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We study processes of associative learning in human and animal models with the goal of understanding how the brain and mental processes produce behaviour and as applied to human learning in the developing field of Computational Psychopathology

Babbage's Difference Engine
Babbage's Difference Engine

Associative theory provides a biologically plausible mechanism for understanding how brains learn, remember and act and is a bridge between the acquisition of biologically motivated behaviours (e.g., eating, drinking etc) and more complex information processing (e.g., reasoning about one's agency in the world).

The experiments conducted in the lab include basic biological research into animal behaviour and those on the relation between neurochemistry, structure and learning as well as experiments on human thinking and reasoning.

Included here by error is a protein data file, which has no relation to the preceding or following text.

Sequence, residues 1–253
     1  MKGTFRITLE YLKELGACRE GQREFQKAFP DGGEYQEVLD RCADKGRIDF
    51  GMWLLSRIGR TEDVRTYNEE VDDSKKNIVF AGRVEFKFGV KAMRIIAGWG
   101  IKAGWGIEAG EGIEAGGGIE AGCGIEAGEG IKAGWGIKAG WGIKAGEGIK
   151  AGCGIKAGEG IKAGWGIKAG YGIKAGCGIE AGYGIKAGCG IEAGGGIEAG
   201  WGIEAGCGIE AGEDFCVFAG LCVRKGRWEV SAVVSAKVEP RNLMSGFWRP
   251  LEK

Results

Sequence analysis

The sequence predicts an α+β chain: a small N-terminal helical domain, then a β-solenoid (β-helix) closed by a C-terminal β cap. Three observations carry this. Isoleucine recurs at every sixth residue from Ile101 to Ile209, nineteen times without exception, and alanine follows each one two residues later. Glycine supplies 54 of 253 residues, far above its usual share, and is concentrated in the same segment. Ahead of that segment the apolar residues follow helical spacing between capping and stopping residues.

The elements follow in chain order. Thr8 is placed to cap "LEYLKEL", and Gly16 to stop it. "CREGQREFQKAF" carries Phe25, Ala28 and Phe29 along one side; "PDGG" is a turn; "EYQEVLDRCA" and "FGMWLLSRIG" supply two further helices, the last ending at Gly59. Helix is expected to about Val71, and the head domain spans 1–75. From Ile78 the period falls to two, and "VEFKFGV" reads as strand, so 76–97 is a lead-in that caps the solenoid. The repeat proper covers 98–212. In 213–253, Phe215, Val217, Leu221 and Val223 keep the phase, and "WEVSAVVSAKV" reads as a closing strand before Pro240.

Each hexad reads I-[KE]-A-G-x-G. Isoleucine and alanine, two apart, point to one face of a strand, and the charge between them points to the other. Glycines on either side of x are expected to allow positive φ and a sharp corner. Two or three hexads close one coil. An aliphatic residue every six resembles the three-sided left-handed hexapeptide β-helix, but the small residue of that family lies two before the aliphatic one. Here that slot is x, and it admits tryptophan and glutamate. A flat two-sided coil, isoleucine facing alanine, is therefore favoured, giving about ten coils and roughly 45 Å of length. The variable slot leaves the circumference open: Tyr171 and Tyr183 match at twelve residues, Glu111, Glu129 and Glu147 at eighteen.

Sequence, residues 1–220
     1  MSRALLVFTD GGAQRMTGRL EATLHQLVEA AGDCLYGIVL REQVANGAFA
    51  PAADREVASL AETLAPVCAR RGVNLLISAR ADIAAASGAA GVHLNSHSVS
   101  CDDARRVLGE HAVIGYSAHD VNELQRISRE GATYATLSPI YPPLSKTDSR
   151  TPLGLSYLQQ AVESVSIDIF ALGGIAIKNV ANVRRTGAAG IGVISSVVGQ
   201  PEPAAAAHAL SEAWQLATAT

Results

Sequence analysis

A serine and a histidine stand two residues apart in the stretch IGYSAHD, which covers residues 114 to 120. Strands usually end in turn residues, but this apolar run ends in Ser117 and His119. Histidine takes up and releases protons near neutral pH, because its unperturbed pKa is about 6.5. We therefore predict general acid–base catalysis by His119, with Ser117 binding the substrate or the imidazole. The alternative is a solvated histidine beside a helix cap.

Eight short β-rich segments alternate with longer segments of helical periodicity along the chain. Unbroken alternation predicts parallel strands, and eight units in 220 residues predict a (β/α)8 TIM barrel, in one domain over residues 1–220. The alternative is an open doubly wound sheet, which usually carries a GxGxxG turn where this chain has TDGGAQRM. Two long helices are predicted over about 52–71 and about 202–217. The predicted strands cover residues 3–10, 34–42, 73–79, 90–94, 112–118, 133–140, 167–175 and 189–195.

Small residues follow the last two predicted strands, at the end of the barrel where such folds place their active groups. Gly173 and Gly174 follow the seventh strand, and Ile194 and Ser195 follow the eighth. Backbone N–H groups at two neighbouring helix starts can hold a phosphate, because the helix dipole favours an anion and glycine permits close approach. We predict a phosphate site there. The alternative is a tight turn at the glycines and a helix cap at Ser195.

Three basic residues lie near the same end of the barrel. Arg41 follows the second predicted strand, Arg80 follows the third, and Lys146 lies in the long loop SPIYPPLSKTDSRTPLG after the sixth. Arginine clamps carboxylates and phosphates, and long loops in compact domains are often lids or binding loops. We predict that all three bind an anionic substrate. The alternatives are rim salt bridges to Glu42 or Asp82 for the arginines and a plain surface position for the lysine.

The translational impact of this work relates to understanding brain function and how therapy can benefit from insights into associative processes.

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Current projects involve studying instrumental learning in mouse models of serotonin action. Serotonin is a neurotransmitter implicated in the treatment of anxiety and depression and may play a crucial role in providing us with our sense of agency. Other projects involve the study of psychopathy and the biological substrate of interpersonal beliefs.

Our team

Selected publications

Related research themes